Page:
Category Archives: Hawai’i

25th Infantry Regiment Black Baseball Champs

From Black Baseball Out of Season: Pay for Play Outside of the Negro Leagues, by William McNeil (McFarland, 2007), pp. 52-55:

The famous 25th Infantry Regiment was the all-black company popularly known as the Buffalo Soldiers. The regiment was formed in 1869 and saw service in the United States, Hawaii, the Philippine Islands, and Mexico. Its baseball tradition had its beginnings in Missoula, Montana, where the first team was formed in 1894 by Master Sergeant Dalbert P. Green, who was instructed to form a regimental team after an informal baseball game between an interracial infantry team and an all-black cavalry team created such interest and enthusiasm that Col. Andrew S. Burt believed that organized teams would be good for morale and would relieve the boredom that existed during periods of peace and quiet on the frontier. Green, who was named team captain, noted that “Players generally furnished their own uniforms and shoes: these consisted of canton flannel drawers (altered by company tailors), a dark blue flannel shirt, and a pair of barrack shoes (heels cut off), stockings, and caps furnished by the players. Practice was held in the evening after retreat, games being played on Sundays and Holidays. The ‘Old Timers’ didn’t take to the game as they do at the present time. An athlete, to be considered, had also to show soldierly qualities of the very highest type.” He considered the 25th Infantry Regiment teams that were stationed in Hawaii between 1914 and 1918 to be among the greatest teams he was ever associated with. As he said, “During my connection with the team it has played against players in different parts of the United States and foreign possessions and who have become famous in both the National and American Leagues, not mentioning the minor leagues at all….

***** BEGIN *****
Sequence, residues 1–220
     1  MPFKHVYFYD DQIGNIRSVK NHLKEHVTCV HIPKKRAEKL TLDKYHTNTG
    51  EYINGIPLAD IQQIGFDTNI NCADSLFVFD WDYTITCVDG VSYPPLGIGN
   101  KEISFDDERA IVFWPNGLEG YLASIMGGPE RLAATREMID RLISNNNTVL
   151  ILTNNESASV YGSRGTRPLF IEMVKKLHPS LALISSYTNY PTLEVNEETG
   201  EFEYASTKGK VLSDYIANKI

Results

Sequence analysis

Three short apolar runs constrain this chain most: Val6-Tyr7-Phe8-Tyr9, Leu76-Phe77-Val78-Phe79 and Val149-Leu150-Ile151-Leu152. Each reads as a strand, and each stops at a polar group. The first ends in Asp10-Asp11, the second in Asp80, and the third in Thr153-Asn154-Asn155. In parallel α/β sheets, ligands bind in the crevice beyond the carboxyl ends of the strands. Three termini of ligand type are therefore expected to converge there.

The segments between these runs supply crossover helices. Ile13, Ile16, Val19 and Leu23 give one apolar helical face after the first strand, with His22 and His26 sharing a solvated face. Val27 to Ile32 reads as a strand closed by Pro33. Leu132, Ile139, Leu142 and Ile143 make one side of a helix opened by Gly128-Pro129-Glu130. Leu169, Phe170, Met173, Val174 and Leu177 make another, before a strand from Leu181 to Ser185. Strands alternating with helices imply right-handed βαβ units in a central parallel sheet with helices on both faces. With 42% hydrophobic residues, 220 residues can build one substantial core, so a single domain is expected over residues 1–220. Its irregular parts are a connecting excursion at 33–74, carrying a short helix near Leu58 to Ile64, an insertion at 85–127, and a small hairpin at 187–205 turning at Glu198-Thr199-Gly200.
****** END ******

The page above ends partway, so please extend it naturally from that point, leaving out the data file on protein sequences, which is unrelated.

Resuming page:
The 25th Infantry baseball team rose to prominence after it was stationed at Schofield Barracks in Hawaii. They established themselves as the best team on the island of Oahu, and began to compete against college teams and teams of the high classification Pacific Coast League….

The leader of the team was Wilbur Rogan, better known as “Cap,” short for Captain, to his fellow soldiers because of his leadership qualities, not only on the baseball field, but also in army matters….

Rogan seemed to carry the 25th on his back for much of the decade, but he did have help. His teammates included four players who would later follow him to the Kansas City MonarchsDobie Moore, Lem Hawkins, Bob Fagan, and Oscar “Heavy” Johnson—plus Fred Goliath, who would play with the Chicago Giants in 1920, and William “Big C” Johnson, who would join the Dayton Marcos in 1920.


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Hawai‘i Chinese Baseball Team at the Far Eastern Games, 1915

From The Barnstorming Hawaiian Travelers: A Multiethnic Baseball Team Tours the Mainland, 1912-1916, by Joel S. Franks (McFarland, 2012), Kindle Loc. 2220-2242:

Luck Yee told readers that China needed a baseball team to represent it adequately at the Far Eastern games. Thus, sports-minded Chinese authorities went to Hawai’i for help because they knew that “a Chinese baseball team” had made several successful journeys to the American mainland. Furthermore, “Manila people” were anxious to see a Chinese Hawaiian team in action.